Hospital are using pulses of UV light from this device to kill superbugs that cause infections

Nasty microorganisms lurking on bed rails, tables, doorknobs and other surfaces in hospitals are causing a more than $30 billion (PDF) problem for the U.S. healthcare system. This cool-looking device is one of many trying to hunt down these microorganisms in an effort to reduce healthcare-associated infections like MRSA and C. difficile.

Xenex Healthcare Services LLC’s portable disinfection system pulses bursts of the inert gas xenon at a rapid speed and high intensity in an ultraviolet flash lamp, producing UVC radiation. At certain wavelengths, UV light penetrates the cell walls of bacteria, viruses, mold and spores.

“The light acts like a needle – it pierces the cell walls and prevents them from replicating,” CEO Morris Miller said.


It’s used in addition to traditional surface cleaning. Hospital staff members clean the surfaces of the room as they usually would, to get rid of surface dirt, and then bring in the machine, open drawers and expose other surfaces that are likely to be contaminated. They turn on the device with a remote control and leave the room. The entire process takes about 10 minutes and leaves no residue or gas in the room, Miller said.

Xenon UV light is advantageous to hospitals because it’s less expensive, quicker and less harmful than traditional ways of automated sterilization, like using hydrogen peroxide gas or mercury lamps, Miller said. It’s used in sterilizing water and is approved by the FDA for the disinfection of food.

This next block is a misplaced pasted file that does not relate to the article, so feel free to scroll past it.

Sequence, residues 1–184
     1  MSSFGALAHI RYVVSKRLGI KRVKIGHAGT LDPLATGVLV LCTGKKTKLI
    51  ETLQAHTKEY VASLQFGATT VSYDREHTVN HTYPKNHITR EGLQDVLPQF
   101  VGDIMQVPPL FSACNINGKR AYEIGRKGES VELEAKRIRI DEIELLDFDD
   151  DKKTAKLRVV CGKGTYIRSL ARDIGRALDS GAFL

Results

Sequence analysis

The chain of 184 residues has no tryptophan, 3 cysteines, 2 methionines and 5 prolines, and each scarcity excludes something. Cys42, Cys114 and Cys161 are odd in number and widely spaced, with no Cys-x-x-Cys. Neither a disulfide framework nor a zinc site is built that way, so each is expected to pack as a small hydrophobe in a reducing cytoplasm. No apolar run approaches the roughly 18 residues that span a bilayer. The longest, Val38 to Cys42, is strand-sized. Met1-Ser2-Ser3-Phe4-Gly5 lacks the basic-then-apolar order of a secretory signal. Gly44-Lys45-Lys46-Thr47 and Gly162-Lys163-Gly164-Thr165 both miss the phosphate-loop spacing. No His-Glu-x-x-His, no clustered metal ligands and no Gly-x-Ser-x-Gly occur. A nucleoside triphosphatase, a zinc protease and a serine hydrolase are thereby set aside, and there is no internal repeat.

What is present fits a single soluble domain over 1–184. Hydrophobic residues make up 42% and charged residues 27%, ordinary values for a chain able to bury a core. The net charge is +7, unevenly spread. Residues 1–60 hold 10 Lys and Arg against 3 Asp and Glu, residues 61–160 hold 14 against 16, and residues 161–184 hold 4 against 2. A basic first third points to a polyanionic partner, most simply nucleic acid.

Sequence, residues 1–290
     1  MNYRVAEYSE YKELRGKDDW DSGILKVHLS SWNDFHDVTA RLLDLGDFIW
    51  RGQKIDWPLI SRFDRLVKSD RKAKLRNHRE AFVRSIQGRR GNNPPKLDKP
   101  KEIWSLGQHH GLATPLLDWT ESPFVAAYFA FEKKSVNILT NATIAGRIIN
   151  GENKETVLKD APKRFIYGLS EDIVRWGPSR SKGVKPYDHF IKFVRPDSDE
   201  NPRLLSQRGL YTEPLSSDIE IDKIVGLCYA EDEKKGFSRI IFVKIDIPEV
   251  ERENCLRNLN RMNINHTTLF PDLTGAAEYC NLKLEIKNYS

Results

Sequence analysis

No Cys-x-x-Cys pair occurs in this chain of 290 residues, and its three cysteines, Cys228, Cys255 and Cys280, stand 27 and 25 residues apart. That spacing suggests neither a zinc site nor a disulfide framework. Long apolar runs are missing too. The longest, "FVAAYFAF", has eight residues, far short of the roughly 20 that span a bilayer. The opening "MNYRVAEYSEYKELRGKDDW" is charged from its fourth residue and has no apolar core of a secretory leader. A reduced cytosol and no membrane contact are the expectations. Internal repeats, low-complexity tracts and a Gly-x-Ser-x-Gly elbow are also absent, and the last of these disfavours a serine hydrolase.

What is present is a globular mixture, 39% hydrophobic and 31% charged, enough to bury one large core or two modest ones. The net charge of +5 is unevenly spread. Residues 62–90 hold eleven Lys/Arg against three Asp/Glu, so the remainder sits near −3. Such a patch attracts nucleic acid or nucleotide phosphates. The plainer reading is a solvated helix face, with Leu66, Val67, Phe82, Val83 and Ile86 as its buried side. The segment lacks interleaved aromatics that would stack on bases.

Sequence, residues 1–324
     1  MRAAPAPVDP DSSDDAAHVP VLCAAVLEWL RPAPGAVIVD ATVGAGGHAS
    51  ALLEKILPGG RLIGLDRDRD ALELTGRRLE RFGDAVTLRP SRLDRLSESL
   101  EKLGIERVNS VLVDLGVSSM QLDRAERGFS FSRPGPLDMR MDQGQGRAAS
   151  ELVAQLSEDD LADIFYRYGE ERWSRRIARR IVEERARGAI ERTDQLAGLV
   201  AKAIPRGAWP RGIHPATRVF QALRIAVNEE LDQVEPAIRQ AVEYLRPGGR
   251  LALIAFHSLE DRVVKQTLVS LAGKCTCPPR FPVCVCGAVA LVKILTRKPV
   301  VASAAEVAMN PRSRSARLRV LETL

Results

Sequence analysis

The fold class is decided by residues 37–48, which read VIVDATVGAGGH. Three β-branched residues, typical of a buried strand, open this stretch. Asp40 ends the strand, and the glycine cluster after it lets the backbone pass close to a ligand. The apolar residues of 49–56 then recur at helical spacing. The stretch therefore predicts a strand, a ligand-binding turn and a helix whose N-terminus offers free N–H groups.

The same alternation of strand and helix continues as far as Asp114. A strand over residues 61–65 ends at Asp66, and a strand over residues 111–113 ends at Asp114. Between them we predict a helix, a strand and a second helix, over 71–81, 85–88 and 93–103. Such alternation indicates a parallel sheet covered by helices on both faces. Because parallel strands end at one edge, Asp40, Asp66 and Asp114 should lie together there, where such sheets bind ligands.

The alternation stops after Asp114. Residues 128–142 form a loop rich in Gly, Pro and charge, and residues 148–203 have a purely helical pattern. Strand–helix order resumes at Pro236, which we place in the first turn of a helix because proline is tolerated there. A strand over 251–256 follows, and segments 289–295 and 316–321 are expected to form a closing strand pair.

Most customers use the device on 30 to 50 rooms a day, although the company thinks it can be used up to 60 times per day, according to Miller. He added that use of the device costs about $3 per room, factoring in up-front and maintenance costs.

About one-in-20 hospitalized patients contract an infection during a hospital stay. As these infections have become increasingly resistant to common antibiotics, hospitals have adopted different methods for large-scale disinfection to prevent them from occurring in the first place. Some uses devices like Altapure’s and SixLog’s, which convert common liquid disinfectants into a fog that can sanitize rooms in minutes. Philips Healthcare, American Ultraviolet and TRU-D  also make UV disinfection devices.

Xenex’s device has been tested in destroying numerous superbugs, including C. difficile, MRSA, VRE and Acinetobacter. In a study conducted at the University of Texas MD Anderson Cancer Center, pulsed xenon UV light reduced the presence of C. diff in hospital rooms by 95 percent compared to bleach cleaning.

Two years after the launch of its product, Xenex has just raised $9 million to support a push into international markets like Canada, Europe and Australia. Morris said the company will also be expanding its U.S. sales team, ramping up inventory and continuing product development. A majority of Xenex’s funding thus far has been provided by Cutstone Ventures LLC, an investment firm led by Morris.

An attorney by trade, Miller is also co-founder and former president and CEO of the IT company Rackspace Hosting.

So far about 100 hospitals are using the system, he said, including Cooley Dickinson Hospital in Massachussets, Cone Health System in North Carolina and MountainView Hospital in Nevada. The VA recently conducted a return on investment analysis using the product, and Miller said he expects a large tailwind from the strong results of that study.

Xenex is now based in San Antonio after moving out of Austin in June.

[Photo from Xenex Healthcare Services]

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